Moving Past Binary

Will Chuchawat cuts to the chase

Published in 2018 Southern California Rising Stars — July 2018

Don’t blink. You might miss Will Chuchawat. 

It took him just two years to earn his B.A. from the University of Wisconsin-Madison (“I was an uber-nerd,” he admits), and it was only a few years after law school that Sheppard Mullin tapped him to establish its Shanghai office. At 31, he was named partner, one of the youngest in Sheppard Mullin’s 90-year history. Now, as chair of the firm’s M&A practice, he bills roughly 3,100 hours a year while closing 30 to 40 deals.

How surprising, then, to find he projects a kind of Midwestern calm. 

“I’ve always considered myself a Midwesterner,” he says. “I grew up in the suburbs, in a neighborhood where people didn’t lock their doors.”

Chuchawat was born in Thailand and moved to Chicago at age 4. In Shanghai, he led an eight-person department, half of which was made up of Chinese nationals. He trained his staff to focus on the important stuff. “A lot of what drives businesspeople nuts is getting caught up in minutiae that doesn’t move the needle for anybody,” Chuchawat says. “I’ve built my practice on being practical and focusing on what’s important for the client.”

All of which hasn’t gone unnoticed. “He has an unprecedented ability to be efficient, cut to the chase and quickly figure out what’s important,” says Dale Fischer, a partner at Pinsent Masons, who has worked on several deals with Chuchawat. “A lot of lawyers lose perspective and make it about them. He doesn’t have a lot of ego, and doesn’t spend half an hour arguing about a comma.” 

Fischer adds, with a touch of humor, “I also don’t think he sleeps.”

In Asia, where Chuchawat still spends a few months every year, he focused on outbound business—helping Chinese firms make deals internationally. He returned to the U.S. in 2009 with two prized possessions: a lofty reputation for doing international deals; and a wedding ring, having met his wife, an advertising professional, in China.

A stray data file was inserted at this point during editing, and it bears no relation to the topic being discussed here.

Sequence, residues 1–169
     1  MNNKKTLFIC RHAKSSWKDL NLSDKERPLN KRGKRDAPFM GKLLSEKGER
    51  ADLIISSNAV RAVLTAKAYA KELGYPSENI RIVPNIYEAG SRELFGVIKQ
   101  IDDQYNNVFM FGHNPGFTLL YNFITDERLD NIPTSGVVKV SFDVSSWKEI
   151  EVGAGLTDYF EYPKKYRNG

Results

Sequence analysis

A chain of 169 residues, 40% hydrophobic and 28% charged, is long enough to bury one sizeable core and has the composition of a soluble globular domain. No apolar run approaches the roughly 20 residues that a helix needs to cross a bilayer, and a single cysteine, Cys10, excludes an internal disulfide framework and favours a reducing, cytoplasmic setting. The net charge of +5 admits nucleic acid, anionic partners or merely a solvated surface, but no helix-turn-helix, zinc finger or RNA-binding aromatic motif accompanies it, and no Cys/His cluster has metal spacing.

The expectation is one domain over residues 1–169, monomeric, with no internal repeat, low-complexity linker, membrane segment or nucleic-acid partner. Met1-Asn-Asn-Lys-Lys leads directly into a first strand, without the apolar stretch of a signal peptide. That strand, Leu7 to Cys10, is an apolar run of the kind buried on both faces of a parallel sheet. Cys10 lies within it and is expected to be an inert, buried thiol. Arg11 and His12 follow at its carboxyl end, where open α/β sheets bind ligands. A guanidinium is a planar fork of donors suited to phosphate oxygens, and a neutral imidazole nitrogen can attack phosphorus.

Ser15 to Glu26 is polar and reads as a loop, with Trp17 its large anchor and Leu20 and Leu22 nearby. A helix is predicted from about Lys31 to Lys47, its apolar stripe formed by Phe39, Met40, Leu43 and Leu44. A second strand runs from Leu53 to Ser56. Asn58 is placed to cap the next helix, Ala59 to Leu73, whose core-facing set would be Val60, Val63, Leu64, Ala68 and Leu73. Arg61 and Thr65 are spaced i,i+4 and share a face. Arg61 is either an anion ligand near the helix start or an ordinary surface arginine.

Almost immediately, he took on a headline-making case, representing GenCorp in its $550 million acquisition of United Technologies’ Rocketdyne business. His clients gave him a 72-hour deadline to get the deal done. It was, as he puts it, “mission impossible,” considering the mass of regulations governing the defense industry. He did it—billing a staggering 140 hours that week. 

His success comes from a mix of efficiency, pragmatism and creativity. In a recent deal, the buyer was a large public company concerned with being able to walk away if a material adverse effect (MAE) occurred, while the seller was worried about backlash if an announced deal fell through. Chuchawat offered a compromise. 

“I said, ‘Look, what we really worry about is if the time between signing and closing gets delayed,’” he remembers. “‘If it’s only 30 days, then we’re not worried about an MAE happening—even under your definition. If it’s delayed six months, however, a lot can change.’” The compromise was to use the buyer’s MAE threshold for a limited period after signing, and thereafter the seller’s threshold. The compromise gave both parties the comfort they wanted.

“Normally, M&A deals are an arm-wrestling match where everything is binary—you either win or lose,” he says. “The way to get deals done is find the solution where you address both sides’ issues.”

In his off time, Chuchawat enjoys wine collecting, which has, he says, “the same kind of intellectual rigor that goes into my legal work. The art and science of it is remarkable.”

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